- hurry Ctrl + A to select the entire sheet.
- Double click on the border of two Column letters. For example, between the letters in columns A and B.
- The worksheet will automatically adjust the width of the cell based on the data.
- You can also double-click on the border of two Row Letters to automatically adjust the cell height.
6. Add conditional formatting
Conditional formatting allows you to automatically highlight data and save time on manual formatting. If the data in a cell meets a predefined condition, Sheets will automatically format the contents of that cell.
You can find up to 18 conditions in the conditional formatting menu in Google Sheets. But, you can also create a custom condition. Here are some predefined conditions: text contains, date is, greater than, less than, etc.
The image above shows the automatic identification of scores below 80% using the Conditional formatting order under the Format Google Sheets toolbar menu.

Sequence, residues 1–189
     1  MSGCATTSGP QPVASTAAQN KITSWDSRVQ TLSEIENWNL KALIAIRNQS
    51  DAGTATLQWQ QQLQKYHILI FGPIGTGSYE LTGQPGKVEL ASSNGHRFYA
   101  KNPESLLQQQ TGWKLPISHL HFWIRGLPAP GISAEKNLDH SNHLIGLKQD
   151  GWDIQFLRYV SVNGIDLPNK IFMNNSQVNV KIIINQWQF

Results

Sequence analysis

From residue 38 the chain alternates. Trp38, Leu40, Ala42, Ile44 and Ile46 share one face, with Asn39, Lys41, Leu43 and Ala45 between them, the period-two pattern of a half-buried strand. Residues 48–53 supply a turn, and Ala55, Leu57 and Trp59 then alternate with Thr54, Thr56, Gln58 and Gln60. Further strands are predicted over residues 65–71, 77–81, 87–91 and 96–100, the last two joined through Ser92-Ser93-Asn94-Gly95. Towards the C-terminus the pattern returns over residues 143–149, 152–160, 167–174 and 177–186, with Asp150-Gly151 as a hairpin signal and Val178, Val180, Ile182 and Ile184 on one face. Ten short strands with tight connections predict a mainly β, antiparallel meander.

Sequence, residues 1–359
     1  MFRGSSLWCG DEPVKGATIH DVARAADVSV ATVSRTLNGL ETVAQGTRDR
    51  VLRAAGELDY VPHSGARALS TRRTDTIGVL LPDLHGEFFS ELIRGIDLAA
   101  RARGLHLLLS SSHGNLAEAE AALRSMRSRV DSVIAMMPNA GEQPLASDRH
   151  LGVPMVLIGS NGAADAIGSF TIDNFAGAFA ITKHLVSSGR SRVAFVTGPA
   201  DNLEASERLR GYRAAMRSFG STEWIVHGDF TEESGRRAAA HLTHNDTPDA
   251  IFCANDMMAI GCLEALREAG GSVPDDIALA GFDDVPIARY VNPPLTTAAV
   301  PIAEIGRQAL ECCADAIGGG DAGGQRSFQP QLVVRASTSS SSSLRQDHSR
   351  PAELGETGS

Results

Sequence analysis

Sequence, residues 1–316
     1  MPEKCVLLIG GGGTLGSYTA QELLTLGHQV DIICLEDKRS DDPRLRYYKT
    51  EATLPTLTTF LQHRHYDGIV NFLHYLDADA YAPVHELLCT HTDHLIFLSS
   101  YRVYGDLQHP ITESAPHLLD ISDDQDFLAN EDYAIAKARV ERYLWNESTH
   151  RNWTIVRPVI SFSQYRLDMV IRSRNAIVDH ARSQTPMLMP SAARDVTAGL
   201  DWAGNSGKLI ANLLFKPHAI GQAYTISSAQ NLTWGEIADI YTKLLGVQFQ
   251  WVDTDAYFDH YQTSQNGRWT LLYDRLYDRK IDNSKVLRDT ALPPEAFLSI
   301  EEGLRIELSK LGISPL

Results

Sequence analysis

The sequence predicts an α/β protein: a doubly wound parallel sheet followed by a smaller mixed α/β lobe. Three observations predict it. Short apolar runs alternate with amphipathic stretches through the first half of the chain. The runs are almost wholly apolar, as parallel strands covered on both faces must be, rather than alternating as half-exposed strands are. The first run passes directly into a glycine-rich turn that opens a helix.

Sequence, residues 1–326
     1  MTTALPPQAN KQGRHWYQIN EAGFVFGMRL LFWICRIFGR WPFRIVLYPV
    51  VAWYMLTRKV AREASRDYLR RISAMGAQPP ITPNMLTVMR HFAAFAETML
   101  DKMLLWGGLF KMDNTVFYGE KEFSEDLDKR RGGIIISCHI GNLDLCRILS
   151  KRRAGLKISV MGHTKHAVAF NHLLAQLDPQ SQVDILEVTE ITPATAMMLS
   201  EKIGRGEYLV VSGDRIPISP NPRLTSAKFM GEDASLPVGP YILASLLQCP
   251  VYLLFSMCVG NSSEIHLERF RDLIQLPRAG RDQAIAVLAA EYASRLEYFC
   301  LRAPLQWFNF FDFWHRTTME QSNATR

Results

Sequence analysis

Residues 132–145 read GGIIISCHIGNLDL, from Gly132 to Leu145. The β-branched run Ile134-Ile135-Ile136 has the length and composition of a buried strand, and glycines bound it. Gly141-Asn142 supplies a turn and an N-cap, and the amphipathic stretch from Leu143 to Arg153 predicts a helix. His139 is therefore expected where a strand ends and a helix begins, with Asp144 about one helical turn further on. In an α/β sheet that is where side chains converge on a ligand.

You can make your data tables look professional with proper headings. Header texts also help the audience to have a preliminary understanding of the data.
You can use a bold font weight for the table header text, where all letters must be in uppercase. You can use upper case letters for the secondary headers in your table, but do not use Bold police weight.
For units of measure, write them in lowercase and keep them in parentheses. Don’t forget to add contrast Fill color and Text color for the header row.
Use the Painting format command to export formatting to different table headers. Click once on the Painting format to apply formatting to a cell or range of cells.